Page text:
OLDaily, by Stephen Downes

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November 6, 2013

Learning and Technology Policy Framework
Unattributed, Alberta Education, November 6, 2013


From Karen Andrews, via email: "Today, Alberta released a new Learning and Technology Policy Framework that sets the direction for the meaningful use of technology for learning. The framework was co-created with all of our education partners (school authorities, teachers' associations, post-secondary/Universities, industry and government, etc.)." The framwork is quite an interesting document. Here are the major principles and policy directions:

  1. Student-Centred Learning: Technology is used to support student-centred, personalized, authentic learning with all students.
  2. Teachers... read, review, participate in, share and apply research and evidence-based practices to sustain and advance innovation in education.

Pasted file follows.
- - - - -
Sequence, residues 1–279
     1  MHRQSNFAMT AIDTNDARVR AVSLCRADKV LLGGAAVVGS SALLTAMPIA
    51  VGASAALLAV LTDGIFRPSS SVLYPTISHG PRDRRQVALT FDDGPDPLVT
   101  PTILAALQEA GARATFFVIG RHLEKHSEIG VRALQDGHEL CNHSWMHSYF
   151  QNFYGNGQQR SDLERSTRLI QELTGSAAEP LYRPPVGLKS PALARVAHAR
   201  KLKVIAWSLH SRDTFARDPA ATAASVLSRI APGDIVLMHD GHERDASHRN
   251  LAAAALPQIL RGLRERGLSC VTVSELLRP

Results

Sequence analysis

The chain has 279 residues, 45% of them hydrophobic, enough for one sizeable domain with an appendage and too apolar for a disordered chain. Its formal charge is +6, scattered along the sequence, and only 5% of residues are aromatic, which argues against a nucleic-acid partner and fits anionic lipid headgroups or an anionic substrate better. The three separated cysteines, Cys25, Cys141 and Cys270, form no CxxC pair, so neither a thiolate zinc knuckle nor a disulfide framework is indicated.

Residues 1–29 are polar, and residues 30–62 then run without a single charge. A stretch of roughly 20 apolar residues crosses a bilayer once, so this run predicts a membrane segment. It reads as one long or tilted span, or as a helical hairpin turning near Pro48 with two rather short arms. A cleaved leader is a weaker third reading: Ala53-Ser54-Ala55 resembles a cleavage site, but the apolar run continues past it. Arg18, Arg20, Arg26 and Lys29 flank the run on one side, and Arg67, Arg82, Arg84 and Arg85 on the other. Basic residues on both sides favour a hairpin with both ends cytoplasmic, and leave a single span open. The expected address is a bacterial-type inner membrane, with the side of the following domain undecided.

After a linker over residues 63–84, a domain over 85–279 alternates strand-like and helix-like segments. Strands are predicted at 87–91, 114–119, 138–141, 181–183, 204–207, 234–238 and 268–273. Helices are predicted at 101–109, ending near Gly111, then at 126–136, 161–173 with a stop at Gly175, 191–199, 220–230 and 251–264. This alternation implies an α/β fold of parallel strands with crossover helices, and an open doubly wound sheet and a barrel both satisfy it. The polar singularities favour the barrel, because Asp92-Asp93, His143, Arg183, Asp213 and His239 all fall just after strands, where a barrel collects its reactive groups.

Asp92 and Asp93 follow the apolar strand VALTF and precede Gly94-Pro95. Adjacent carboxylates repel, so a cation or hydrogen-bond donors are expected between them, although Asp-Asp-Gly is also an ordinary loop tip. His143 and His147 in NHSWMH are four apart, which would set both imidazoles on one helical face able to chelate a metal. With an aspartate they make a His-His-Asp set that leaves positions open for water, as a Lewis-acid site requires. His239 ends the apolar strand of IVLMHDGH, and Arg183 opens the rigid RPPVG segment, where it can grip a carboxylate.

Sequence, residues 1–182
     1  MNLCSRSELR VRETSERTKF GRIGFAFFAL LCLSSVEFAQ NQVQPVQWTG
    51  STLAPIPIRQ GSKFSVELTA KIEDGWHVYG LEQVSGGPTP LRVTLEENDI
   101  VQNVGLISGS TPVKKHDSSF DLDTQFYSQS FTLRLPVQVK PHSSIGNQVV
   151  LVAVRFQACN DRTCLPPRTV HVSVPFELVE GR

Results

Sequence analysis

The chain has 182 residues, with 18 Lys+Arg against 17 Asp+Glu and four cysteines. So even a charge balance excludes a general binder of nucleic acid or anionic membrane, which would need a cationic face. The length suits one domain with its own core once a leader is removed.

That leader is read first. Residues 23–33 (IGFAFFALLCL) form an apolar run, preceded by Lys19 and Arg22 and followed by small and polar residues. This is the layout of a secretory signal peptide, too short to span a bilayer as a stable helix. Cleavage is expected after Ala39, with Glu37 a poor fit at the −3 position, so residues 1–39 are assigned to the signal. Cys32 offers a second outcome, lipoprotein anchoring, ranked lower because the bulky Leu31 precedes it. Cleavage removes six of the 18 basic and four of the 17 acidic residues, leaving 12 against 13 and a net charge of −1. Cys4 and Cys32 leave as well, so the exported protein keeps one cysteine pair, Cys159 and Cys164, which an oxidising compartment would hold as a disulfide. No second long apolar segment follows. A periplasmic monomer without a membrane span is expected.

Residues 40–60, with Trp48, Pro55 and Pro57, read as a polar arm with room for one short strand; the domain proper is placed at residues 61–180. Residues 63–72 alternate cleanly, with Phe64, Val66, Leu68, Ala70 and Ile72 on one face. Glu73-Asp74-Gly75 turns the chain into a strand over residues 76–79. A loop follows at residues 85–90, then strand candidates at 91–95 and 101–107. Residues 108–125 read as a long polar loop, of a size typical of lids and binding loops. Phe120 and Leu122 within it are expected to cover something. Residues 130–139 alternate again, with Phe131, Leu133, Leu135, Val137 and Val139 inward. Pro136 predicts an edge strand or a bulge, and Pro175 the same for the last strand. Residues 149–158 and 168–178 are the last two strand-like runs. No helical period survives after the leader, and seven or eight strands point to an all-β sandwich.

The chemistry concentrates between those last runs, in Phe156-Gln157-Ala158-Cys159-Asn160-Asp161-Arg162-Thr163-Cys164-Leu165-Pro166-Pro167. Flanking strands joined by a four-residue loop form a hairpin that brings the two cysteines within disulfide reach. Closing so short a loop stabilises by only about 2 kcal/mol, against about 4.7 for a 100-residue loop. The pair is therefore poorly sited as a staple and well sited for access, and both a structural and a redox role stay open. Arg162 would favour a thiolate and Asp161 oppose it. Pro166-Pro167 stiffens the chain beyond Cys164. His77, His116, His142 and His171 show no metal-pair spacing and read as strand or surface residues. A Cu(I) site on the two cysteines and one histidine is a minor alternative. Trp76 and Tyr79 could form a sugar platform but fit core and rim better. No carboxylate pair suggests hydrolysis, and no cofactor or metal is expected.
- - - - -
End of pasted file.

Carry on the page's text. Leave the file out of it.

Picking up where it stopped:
3. Teachers... develop, maintain and apply the knowledge, skills and attributes that enable them to use technology effectively, efficiently and innovatively in support of learning and teaching.
  4. Education leaders establish policy and governance structures, cultivate innovation and build capacity within the system to leverage technology in support of student-centred learning and system efficiencies.
  5. All students, teachers, administrators and other education professionals have access to appropriate devices, reliable infrastructure, high-speed networks and digital learning environments.

Obviously there are other policies that impact educational outcomes. But this seems to me to be a good policy with what at first reading appears to be a progressive and sensible approach toward learning technolgy.

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Out of the picture: why the world's best photo startup is going out of business
Casey Newton, The Verge, November 6, 2013